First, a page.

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Secret 1: Show how your talents translate

cynthia_curtis.top.jpgCynthia Curtis: 50, Wellesley, Mass.
Then: Chief marketing officer for a security software company
Now: Head of sustainability strategy for a software company


Laid off from her job as head marketer of an IT firm last year, Cynthia Curtis knew where she wanted to go next: into green industry. "Investment in it was expanding, and there weren't a lot of people with years of experience clamoring for jobs," she says. Curtis also had a personal interest, having built a green-certified home.

What she didn't have was experience in the field. But working with a career coach, Curtis learned how to apply her marketing skills to the green industry. "I had to hone what I could bring to the table," she says.

How she did it:

By seeing where she shone. The career coach had Curtis complete an assessment to help her identify her strongest skills. "You get a picture of what you should be leveraging," Curtis says. Besides reaffirming her marketing prowess, the exam showed she'd do better at an established company vs. a startup.

By getting to know the field. Curtis set up informational interviews with green professionals to figure out which area of the industry to target. She ended up focusing on clean-tech companies, figuring she could draw parallels from her IT experience.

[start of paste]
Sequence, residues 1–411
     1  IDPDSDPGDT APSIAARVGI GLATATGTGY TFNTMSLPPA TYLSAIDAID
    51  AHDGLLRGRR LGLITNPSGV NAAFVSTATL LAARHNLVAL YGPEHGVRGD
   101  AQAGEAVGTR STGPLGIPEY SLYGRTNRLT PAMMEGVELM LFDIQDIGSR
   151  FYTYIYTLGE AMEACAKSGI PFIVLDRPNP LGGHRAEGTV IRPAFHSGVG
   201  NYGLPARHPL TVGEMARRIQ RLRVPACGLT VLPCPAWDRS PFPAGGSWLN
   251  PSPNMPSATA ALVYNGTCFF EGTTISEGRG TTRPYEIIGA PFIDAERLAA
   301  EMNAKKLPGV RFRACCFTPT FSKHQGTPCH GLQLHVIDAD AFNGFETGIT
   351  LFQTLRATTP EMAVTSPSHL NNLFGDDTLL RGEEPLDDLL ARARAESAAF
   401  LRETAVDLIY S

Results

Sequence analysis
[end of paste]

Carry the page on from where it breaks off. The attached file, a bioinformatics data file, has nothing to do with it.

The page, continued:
By making the connection. Curtis redid her résumé to include her eco-friendly home and the trade groups she'd joined. She asked her contacts about challenges the industry faces, then built on that in her cover letters. In applying for a job to help software firm CA build a reputation for sustainability, "I discussed how I could raise its visibility as a green company," she says. That helped land her the gig; she started in April.

How you can do it too:

Focusing on "transferable skills," as Curtis did, is a good way to make a transition, says Randall Hansen of QuintCareers.com, a job-search resource.
Can't afford to hire a career coach to help you identify these? See if your college's job placement office offers assessments, or use the resources at careeronestop.org and onetcenter.org. Then enter your key skills in the keyword search of job sites to see where they're needed.


Secret 2: network outside the box

Secret 3: get the skills you need on the cheap

Secret 4: get your finances in order

Secret 5: turn your passion into an asset To top of page

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